He bowed his head in despair. His own despair seemed to multiply as thought of the many families who had lost loved ones to the war, and then of his own loss of Fanny and of Charles' terrible injury. He again took up his pen and wrote:
And in despair I bowed my head:
"There is no peace on earth," I said,
"For hate is strong and mocks the song
Of peace on earth, good will to men."
He put down his pen and rested his head on his arms on the desk. “It's no use,” he thought. “I can't publish a poem that ends like that and right now I can't imagine any other ending.” He crumpled up the paper and threw it into the waste basket beside his desk.
But just then the newsboy's bell was also heard, mingling with the sound of the church bells. Then the sound of the newsboy's voice was heard above the pealing of the bells, shouting out the headlines: “Union forces make great advances. Read all about it.”
Charles threw down the Bible, grabbed his overcoat from the closet and ran out and bought a paper from the lad. Upon returning he decided to share the news with his father. Entering Henry's study, he said excitedly “Did you hear that news Father? There are great union advances. Why, the war may be over sooner than we think.”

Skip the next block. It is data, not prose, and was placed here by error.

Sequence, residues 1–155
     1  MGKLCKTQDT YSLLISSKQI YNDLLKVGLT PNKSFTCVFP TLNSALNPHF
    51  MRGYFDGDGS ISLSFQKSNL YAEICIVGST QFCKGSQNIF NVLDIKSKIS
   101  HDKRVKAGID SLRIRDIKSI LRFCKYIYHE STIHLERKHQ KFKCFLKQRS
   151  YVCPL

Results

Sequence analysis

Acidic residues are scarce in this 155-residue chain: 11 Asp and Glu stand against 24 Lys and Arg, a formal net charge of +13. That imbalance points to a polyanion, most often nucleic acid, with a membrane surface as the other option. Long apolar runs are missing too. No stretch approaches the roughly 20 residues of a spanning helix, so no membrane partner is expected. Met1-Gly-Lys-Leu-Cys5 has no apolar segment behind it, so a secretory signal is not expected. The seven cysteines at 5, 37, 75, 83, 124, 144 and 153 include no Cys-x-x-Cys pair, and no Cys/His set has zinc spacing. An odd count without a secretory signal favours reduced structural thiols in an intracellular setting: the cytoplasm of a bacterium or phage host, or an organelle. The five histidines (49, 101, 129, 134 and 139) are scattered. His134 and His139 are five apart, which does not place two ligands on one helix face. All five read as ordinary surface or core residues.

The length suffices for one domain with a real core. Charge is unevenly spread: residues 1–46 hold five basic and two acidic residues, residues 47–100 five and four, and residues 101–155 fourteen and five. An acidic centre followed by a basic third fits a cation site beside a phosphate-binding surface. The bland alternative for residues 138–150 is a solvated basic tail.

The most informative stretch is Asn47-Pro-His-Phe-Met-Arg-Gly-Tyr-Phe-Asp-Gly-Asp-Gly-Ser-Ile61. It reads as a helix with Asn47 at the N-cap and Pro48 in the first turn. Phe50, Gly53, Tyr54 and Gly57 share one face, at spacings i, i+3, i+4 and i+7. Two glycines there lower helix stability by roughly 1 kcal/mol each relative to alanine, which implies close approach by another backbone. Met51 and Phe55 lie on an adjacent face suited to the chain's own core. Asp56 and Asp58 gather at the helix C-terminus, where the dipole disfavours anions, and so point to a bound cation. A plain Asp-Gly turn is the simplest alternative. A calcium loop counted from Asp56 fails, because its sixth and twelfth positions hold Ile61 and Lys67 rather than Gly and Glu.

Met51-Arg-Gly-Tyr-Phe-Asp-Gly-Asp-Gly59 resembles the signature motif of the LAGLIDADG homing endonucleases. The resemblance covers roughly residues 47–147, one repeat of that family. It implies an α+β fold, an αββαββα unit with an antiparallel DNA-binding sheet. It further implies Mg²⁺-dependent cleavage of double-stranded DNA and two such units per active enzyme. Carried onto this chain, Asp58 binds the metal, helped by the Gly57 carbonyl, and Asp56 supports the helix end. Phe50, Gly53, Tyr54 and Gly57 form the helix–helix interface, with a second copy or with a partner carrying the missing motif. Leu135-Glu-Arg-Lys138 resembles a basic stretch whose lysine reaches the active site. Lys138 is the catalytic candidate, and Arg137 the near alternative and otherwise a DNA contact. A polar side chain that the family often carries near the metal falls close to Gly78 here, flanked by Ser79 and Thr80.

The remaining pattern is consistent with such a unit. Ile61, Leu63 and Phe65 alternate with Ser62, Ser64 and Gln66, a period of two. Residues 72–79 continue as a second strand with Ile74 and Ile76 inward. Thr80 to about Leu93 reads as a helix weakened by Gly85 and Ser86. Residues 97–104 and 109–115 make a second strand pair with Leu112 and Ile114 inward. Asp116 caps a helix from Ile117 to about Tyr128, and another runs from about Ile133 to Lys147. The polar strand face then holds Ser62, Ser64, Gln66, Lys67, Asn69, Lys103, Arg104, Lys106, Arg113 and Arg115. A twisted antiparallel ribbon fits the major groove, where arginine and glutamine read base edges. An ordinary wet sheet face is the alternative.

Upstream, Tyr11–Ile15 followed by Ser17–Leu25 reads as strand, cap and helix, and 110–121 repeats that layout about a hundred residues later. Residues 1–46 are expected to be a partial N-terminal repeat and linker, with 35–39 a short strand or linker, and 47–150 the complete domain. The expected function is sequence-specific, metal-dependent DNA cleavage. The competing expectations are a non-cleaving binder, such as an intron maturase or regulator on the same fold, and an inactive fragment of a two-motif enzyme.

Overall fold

“Let me see that, Son.” And Henry almost tore the paper from his son's hand. He then slumped down again into his easy chair with the paper in hand and read slowly. In a little while, he raised his head out of the paper again and said with a slight smile, “Well, things do look somewhat hopeful, don't they, Son?”
“I'd say more than somewhat. With first Lincoln’s re-election and now this news--I think it's a portent, Father. This civil war will soon be over. I think it's time you ended your personal war also, Father.”
Henry frowned. “That’ll be enough Son! I thank you for sharing with me the good news about the war. It is encouraging, but then, why did it even have to start in the first place? Where was God when it started? I'd just like to be left alone now, Son.”
“Alright, Father.” Charles went back to the living room again and reached once more for the family Bible, which was now on the floor where it had fallen when he went to get the paper.
Again Henry sat staring blankly at Fanny's picture. Then he thought, perhaps his son was right. At any rate he was glad that things looked hopeful on the National front. But how could he forget Fanny's death and Charles' serious injury? Surely God could have prevented these things if he wanted to.
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